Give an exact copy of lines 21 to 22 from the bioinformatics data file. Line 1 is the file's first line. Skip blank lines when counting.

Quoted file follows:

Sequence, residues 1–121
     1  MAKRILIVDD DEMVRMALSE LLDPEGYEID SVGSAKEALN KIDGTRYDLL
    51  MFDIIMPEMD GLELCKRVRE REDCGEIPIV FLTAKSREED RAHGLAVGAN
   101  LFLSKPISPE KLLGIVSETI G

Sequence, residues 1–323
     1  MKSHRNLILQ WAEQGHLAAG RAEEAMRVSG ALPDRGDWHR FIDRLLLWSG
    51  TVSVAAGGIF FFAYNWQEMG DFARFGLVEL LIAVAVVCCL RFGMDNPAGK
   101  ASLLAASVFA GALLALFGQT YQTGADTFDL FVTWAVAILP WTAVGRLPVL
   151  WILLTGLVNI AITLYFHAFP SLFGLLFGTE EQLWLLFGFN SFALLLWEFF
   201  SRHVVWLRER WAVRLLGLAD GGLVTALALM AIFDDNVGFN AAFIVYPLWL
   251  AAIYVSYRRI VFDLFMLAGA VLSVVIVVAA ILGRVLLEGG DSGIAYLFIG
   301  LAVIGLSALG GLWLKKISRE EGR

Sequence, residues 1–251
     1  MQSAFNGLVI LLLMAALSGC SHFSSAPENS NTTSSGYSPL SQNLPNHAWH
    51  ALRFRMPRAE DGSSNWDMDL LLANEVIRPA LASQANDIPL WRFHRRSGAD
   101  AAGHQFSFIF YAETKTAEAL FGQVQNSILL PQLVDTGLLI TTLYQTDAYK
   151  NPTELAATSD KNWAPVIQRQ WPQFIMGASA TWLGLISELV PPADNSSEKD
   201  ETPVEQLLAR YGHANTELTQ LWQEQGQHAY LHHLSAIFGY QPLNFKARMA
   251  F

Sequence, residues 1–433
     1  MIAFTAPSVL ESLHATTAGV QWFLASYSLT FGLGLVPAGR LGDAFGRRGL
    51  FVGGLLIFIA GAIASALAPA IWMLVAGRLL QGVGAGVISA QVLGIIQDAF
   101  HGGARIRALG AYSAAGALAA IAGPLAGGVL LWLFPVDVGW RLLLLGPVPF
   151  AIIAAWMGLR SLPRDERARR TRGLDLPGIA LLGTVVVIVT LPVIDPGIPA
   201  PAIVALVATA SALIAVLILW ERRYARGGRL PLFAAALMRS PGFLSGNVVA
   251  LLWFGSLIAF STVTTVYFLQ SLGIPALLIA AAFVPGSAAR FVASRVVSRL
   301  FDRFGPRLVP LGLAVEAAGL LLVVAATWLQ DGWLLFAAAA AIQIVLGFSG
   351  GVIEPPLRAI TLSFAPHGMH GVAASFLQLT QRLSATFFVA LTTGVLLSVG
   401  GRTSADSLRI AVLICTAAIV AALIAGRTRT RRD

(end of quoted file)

     1  MIAFTAPSVL ESLHATTAGV QWFLASYSLT FGLGLVPAGR LGDAFGRRGL
    51  FVGGLLIFIA GAIASALAPA IWMLVAGRLL QGVGAGVISA QVLGIIQDAF